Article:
Gas prices, which have been at startling high levels for much of the summer and fall, are finally pulling back—and government forecasts predict they’ll fall as much as 38 cents per gallon by January.
The U.S. Energy Information Administration on Tuesday said it expects the price per gallon to fall from $3.39 in November, the highest price in over seven years and $1.29 per gallon more than the previous year, to $3.01 in January. For 2022, it says, gas prices should average $2.88 per gallon, a notable decline from 2021’s prices.
The price drop comes amid predictions that global oil production will pick up next year, with supply outstripping demand. That hasn’t been the case for the past 18 months, and the slow output caused a squeeze when people began to emerge after months of lockdown from COVID-19.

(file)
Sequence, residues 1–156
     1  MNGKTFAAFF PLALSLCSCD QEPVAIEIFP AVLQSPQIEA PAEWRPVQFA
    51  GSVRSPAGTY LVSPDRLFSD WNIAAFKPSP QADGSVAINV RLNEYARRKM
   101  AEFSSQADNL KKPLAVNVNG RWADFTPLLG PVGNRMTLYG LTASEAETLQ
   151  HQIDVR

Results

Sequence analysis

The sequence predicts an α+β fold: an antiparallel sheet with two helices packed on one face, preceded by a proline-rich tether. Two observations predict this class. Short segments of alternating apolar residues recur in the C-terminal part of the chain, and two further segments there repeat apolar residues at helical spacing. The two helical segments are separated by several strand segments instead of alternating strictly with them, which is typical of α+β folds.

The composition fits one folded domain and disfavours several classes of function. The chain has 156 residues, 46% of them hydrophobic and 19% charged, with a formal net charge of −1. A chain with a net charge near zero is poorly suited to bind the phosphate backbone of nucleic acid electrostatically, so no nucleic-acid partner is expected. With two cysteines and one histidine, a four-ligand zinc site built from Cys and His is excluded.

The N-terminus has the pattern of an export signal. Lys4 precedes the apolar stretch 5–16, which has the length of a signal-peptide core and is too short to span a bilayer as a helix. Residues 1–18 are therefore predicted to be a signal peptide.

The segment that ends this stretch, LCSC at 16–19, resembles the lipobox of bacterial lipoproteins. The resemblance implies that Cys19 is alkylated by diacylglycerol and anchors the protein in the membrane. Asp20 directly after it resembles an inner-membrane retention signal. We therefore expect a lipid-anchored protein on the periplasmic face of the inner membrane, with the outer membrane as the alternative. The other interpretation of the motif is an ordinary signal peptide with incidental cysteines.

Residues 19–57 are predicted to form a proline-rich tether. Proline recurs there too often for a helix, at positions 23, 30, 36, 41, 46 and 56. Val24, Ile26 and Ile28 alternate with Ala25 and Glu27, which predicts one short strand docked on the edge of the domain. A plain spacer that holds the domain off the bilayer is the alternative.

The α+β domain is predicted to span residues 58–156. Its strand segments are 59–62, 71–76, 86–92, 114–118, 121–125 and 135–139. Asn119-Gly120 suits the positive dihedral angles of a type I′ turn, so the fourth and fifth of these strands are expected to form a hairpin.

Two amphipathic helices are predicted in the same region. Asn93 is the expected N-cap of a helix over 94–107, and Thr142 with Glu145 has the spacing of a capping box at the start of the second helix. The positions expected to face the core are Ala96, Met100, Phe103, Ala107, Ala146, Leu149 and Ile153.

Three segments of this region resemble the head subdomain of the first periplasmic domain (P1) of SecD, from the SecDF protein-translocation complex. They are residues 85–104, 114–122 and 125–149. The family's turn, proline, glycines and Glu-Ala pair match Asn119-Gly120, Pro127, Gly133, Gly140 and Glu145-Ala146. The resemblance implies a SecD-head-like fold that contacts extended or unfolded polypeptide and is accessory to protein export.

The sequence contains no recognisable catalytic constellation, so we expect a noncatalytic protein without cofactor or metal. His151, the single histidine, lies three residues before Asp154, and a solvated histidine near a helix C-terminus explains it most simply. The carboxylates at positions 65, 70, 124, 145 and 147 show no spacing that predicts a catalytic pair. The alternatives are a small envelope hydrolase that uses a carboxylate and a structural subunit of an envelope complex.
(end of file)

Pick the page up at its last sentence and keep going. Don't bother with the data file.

The Omicron variant, however, remains a wild card. Demand could subside as people put off travel, but there’s also the possibility that it could affect production.
“This is a very complicated environment for the entire energy sector,” said Steve Nalley, acting administrator of the EIA, in a statement. “Our forecasts for petroleum and other energy prices, consumption, and production could change significantly as we learn more about how responses to the Omicron variant could affect oil demand and the broader economy.”
While they’re starting to ebb, gas prices are still sky-high in many parts of the country. AAA reports Californians are paying an average of $4.69 per gallon as of Dec. 8, and Nevada is averaging $3.90. Across the Midwest, though, prices are largely under $3 already and hovering just above that milestone through much of the Southeast.
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